How Black Belt Hall of Famer DANA AB­BOTT teaches the An­cient Ways of Com­bat to Mod­ern Stu­dents


Like re­li­gions, the sharpest minds in the mar­tial arts of­ten emerge in the harsh­est en­vi­ron­ments. Wit­ness the chron­i­cles of the samu­rai, who waged war for cen­turies in the rugged moun­tains of Ja­pan, where bit­ter cold and scorch­ing heat are the norm. Re­call the sto­ries of Korea’s an­cient Hwa Rang war­riors, who per­se­vered in bat­tle with hu­man en­e­mies as well as with win­ter winds rag­ing south from Siberia. Look up his­tor­i­cal ac­counts of Mon­gol fight­ers, who … well, who lived in Mon­go­lia. Half­way around the globe ex­ists an­other kind of harsh­ness called Ari­zona. In much of the state, mois­ture is min­i­mal, veg­e­ta­tion is scarce and the sun is un­re­lent­ing — Phoenix, where I just spent three days, recorded a high of 124 de­grees in 1995. In con­trast, at the camp­ground where I am right now, lo­cated some 5,000 feet above sea level, it was a nippy 31 de­grees when I got up this morn­ing, and I’m freez­ing my butt off as I key this into my lap­top. Yes, I’m next to a fire of crack­ling ju­niper, and yes, I may have had a sip of sake to take the chill off — thank God there’s no wind chill — but I must seem crazy to be com­pos­ing an ar­ti­cle out­side in these con­di­tions. I’m not crazy, though. I’m just over­flow­ing with en­thu­si­asm af­ter train­ing with Black Belt Hall of Famer Dana Ab­bott to bet­ter un­der­stand the way he teaches swordsmanship in the 21st cen­tury.

As a nod to his­tory, I will de­lin­eate the world ac­cord­ing to Ab­bott us­ing the same chap­ter ti­tles cho­sen by Miya- moto Musashi, per­haps the great­est swords­man ever, for his clas­sic Go Rin No Sho.


The in­ter­pre­ta­tion of 21st- cen­tury swordsmanship that Ab­bott con­veys to his stu­dents starts with stance, the swords­man’s con­nec­tion to the earth. He tells me to keep my feet un­der my body and fairly close to­gether with the right one slightly ahead of the left. And that’s about it. My sen­sei, it seems, is a prac­ti­cal man when it comes to the blade.

Things don’t get much more com­pli­cated when you move, he says. “Your knee should be over your foot so your foot isn’t hit­ting heel- first or toes- first. You can hear the dif­fer­ence — in fact, a blind teacher can tell if you’re do­ing it right be­cause it sounds like an ele­phant step­ping.”

The aim is to fa­cil­i­tate ex­plo­sive for­ward move­ment while per­mit­ting eva­sive foot­work in any di­rec­tion. That mo­bil­ity is cru­cial for two rea­sons: You want to land the first strike and, as Mr. Miyagi re­minded us, “Best block no be there.” Ab­bott is a bit more elo­quent:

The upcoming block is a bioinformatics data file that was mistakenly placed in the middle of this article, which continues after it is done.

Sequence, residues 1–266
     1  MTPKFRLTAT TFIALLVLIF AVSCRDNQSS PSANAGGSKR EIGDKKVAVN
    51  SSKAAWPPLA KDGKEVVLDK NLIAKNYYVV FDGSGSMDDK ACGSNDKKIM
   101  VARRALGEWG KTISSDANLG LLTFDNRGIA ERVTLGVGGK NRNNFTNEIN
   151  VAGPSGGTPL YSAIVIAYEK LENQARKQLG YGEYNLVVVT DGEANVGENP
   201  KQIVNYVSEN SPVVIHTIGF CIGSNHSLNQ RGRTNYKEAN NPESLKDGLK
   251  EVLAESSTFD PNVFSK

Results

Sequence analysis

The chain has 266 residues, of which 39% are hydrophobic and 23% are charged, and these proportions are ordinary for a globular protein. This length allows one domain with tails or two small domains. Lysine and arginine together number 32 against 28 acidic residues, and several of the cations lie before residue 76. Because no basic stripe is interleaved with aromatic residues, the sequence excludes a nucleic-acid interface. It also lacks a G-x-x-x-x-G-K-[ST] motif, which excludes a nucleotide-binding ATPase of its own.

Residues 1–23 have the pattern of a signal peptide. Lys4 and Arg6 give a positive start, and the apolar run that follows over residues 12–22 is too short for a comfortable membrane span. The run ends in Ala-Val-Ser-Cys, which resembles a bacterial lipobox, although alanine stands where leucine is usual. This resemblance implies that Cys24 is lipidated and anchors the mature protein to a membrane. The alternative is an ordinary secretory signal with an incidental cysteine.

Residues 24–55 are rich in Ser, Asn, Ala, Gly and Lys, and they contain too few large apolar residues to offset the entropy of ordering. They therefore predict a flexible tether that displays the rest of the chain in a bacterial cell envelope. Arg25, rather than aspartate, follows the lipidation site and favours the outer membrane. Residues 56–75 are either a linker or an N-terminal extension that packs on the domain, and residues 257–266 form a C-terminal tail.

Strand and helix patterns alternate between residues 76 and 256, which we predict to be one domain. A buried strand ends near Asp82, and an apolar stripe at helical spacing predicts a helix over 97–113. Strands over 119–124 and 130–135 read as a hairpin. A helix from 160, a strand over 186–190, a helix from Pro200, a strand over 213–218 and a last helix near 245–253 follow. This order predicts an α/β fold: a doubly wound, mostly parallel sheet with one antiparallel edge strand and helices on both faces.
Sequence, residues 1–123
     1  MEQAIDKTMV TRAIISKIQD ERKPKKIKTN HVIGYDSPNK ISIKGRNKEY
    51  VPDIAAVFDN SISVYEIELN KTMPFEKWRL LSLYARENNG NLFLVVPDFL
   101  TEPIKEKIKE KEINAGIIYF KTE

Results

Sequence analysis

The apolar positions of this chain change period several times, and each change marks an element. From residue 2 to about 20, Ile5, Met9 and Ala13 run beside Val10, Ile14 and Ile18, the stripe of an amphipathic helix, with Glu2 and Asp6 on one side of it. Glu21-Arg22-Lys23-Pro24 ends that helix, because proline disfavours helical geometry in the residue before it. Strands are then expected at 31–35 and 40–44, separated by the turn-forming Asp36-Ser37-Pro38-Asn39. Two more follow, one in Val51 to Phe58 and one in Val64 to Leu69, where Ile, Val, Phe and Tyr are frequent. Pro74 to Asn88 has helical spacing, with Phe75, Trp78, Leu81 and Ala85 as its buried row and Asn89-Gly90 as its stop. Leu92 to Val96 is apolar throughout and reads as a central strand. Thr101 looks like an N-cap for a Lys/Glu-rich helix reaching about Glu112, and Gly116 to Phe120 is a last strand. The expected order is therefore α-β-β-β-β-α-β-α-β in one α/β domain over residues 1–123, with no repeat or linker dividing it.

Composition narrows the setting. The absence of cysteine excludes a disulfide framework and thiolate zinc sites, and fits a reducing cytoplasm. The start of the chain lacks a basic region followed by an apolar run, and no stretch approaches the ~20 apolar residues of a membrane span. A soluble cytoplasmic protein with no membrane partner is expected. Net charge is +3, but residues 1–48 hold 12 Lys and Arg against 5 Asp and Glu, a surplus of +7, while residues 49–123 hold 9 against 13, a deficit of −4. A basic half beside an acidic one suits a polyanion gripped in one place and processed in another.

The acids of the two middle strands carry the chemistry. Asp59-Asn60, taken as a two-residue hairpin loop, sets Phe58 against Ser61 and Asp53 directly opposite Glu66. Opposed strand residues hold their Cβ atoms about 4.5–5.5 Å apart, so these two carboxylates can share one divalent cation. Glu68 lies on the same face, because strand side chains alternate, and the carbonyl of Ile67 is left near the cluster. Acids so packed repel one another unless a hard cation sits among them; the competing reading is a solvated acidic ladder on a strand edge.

“Swordsmanship is like ten­nis in that you want to win on the serve. You don’t want to vol­ley.”

I con­fess that I’m a tad un­der­whelmed by the sim­plic­ity of this stance and the way I’m told to keep the sword

in front of my torso with the tip point­ing out­ward and up­ward, par­tic­u­larly af­ter watch­ing scores of movies in which samu­rai, once en­raged, would raise their weapons and charge their en­e­mies. Or as­sume a pho­to­genic pos­ture and then bounce around like a gym­nast with a blade. “The­atrics!” Ab­bott de­clares. “A lot of what you see in movies is. I’m sure some­body at some time did that, but it’s not how you should learn. I like to look at it this way: The sword is the main ob­ject in the fight. The per­son be­hind it, no mat­ter what he’s do­ing, just isn’t that scary. Imag­ine a 4-foot- 8 Ja­panese guy; he doesn’t look scary. But if he has a sword in front of him and he’s staring at you and not mov­ing, now that’s scary. So if you just as­sume a stead­fast po­si­tion — for ex­am­ple, chu­dan no ka­mae, or cen­ter stance — with the sword out in front, you es­tab­lish your line in the sand. You’re ready for any­thing.”

Ready for any­thing un­til Ab­bott’s next re­veal, that is. He draws a steel blade and in­structs me to not move a mus­cle. First, he po­si­tions the tip inches from my groin, and I’m fine with it. Next, he places it inches from my gut, and I’m OK with that, too. He cau­tions me once again to re­main sta­tion­ary right be­fore plac­ing the tip inches from my throat. I can’t help but lean back­ward. For a sec­ond, I won­der why I was less con­cerned about my groin, but the thought van­ishes when Ab­bott starts talk­ing.

“As you just felt, when I held the sword point at any part of your body, it was OK, but when I went to­ward your throat, you im­me­di­ately had to move back a few inches be­cause it wasn’t com­fort­able,” he says.

“You want to make sure the other per­son is never com­fort­able. That’s what the sword does best.”

His point about be­ing un­com­fort­able is spot on. He calls it “fear of the blade,” and be­lieve me, it is real. “When I teach peo­ple the sword, I start with the cen­ter stance so they can set up their base,” he ex­plains. “Your base should be pro­tec­tive so the other per­son doesn’t want to come in. Your op­po­nent can’t throw him­self at you be­cause he would throw him­self on your sword.”